COP26 zero emission vehicles deal stuck in first gear as US and China steer clear
Some of the world’s biggest economies and a host of leading car manufacturers have failed to lend their support to a COP26 commitment designed to hasten the end of the era of fossil-fuel powered vehicles by 2040.
The UK Government said the declaration, signed by 24 countries, was a “landmark” agreement that would accelerate the transition to 100 per cent zero emission cars and vans the world over.
The declaration, announced at the Glasgow climate summit, includes a commitment to “work towards all sales of new cars and vans being zero emission globally by 2040, and by no later than 2035 in leading markets”.
It also urges car manufacturers to work towards reaching “100 per cent zero emission new car and van sales in leading markets by 2035 or earlier”.
Speaking at a dedicated road transport event inside the summit’s blue zone on Wednesday, Trudy Harrison, a minister in the Department for Transport, said the “international collaboration” brings together countries which account for around a fifth of car sales around the world.
She said the declaration “crystallises the progress we have made in the past two years,” adding: “Today marks a tipping point in the transition to clean road transport, and we have really seen the momentum build in the past 18 months. Now it’s time to turn those good intentions into actions.”
However, the effectiveness of the agreement has been severely undermined by the absence of leading countries, including the US, China, Japan and Germany. Scotland is listed among the “regional government” signatories.
Given the first two nations represent the world’s biggest automobile markets, it represents a major blow for the UK’s hopes of reaching an international consensus, and the agreement has already been condemned as insufficient.
Greenpeace described the scale of ambition in the deal as “disappointingly weak”, pointing out that as well as major economies opting out from the deal, so too have vehicle manufacturers including VW, Toyota, BMW and Hyundai.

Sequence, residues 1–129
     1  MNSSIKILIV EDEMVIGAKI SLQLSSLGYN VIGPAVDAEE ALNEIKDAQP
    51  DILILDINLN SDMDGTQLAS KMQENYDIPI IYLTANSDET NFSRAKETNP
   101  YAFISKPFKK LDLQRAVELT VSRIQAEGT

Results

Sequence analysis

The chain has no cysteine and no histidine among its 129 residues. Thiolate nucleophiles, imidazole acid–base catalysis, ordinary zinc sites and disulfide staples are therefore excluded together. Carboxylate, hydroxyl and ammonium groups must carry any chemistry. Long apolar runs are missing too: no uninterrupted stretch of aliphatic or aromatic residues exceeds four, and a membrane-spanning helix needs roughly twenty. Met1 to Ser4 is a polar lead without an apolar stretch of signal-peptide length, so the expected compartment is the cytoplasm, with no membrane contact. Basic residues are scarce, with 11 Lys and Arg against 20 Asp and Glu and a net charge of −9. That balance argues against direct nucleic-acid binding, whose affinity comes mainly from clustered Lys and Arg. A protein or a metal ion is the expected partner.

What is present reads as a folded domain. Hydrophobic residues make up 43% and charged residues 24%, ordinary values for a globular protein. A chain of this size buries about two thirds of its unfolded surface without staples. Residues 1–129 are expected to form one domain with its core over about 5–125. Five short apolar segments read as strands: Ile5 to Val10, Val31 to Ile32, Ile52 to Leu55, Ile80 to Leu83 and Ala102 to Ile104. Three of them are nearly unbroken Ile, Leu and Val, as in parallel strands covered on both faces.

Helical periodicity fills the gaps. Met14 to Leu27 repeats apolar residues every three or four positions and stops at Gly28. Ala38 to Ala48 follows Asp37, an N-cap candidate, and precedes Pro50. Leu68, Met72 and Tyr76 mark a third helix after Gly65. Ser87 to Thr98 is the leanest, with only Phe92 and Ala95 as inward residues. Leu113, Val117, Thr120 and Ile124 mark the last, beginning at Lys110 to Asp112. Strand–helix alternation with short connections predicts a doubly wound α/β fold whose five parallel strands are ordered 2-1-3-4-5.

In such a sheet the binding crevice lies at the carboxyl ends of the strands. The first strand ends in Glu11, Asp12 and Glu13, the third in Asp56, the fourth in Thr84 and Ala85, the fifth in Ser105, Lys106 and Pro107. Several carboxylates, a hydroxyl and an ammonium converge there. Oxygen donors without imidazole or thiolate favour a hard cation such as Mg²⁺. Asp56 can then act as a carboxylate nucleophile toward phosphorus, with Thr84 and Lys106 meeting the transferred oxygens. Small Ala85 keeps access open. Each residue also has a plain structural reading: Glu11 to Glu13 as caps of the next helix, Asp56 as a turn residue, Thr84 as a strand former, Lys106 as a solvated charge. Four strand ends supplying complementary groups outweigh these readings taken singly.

“To keep the goal of 1.5C alive, the final text agreed at Glasgow must commit to phasing out new oil, but we won’t get there if our economies stay stuck in the past, reliant on pumping cars and trucks full of fossil fuels,” Greenpeace warned.
It comes as the UK Government announced that it would become the first country in the world to commit to phasing out new, non-zero emission heavy goods vehicles (HGVs) weighing 26 tonnes or less by 2035, with all new HGVs sold to meet zero emission standards by 2040.
It said that coupled with its existing commitment to phase out petrol and diesel cars and vans by 2030, it represented a “world-leading pledge to end the sale of all polluting road vehicles”.
Grant Shapps, the UK transport secretary, said: “To support the transition to EVs, it’s integral that we have the infrastructure to support it. My vision is for the UK to have one of the best EV infrastructure networks in the world, with excellent British design at its heart.”
Meanwhile, the Scottish Government has signed five international agreements supporting the global decarbonisation of the transport sector.
Transport minister Graeme Dey said: “I’m proud that our world-leading commitment to reduce car kilometres travelled by 20 per cent by 2030 has been integrated into The Under2 Coalition Leaders Action Document.”
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